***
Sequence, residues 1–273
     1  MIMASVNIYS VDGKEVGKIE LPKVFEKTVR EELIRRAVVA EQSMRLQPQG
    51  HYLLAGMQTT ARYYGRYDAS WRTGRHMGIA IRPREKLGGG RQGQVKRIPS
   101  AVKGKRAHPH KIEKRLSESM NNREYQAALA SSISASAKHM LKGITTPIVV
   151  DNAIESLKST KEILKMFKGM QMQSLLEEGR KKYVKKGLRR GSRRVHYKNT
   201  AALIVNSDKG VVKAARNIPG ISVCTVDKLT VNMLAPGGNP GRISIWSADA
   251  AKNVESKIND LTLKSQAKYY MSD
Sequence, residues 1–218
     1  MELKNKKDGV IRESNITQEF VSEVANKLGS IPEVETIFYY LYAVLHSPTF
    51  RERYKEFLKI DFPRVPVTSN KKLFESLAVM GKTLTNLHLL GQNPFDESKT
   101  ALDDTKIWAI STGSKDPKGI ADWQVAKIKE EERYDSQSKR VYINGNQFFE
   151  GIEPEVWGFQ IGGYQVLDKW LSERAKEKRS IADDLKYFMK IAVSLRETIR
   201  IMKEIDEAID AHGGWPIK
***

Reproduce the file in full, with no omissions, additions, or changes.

Sequence, residues 1–273
     1  MIMASVNIYS VDGKEVGKIE LPKVFEKTVR EELIRRAVVA EQSMRLQPQG
    51  HYLLAGMQTT ARYYGRYDAS WRTGRHMGIA IRPREKLGGG RQGQVKRIPS
   101  AVKGKRAHPH KIEKRLSESM NNREYQAALA SSISASAKHM LKGITTPIVV
   151  DNAIESLKST KEILKMFKGM QMQSLLEEGR KKYVKKGLRR GSRRVHYKNT
   201  AALIVNSDKG VVKAARNIPG ISVCTVDKLT VNMLAPGGNP GRISIWSADA
   251  AKNVESKIND LTLKSQAKYY MSD
Sequence, residues 1–218
     1  MELKNKKDGV IRESNITQEF VSEVANKLGS IPEVETIFYY LYAVLHSPTF
    51  RERYKEFLKI DFPRVPVTSN KKLFESLAVM GKTLTNLHLL GQNPFDESKT
   101  ALDDTKIWAI STGSKDPKGI ADWQVAKIKE EERYDSQSKR VYINGNQFFE
   151  GIEPEVWGFQ IGGYQVLDKW LSERAKEKRS IADDLKYFMK IAVSLRETIR
   201  IMKEIDEAID AHGGWPIK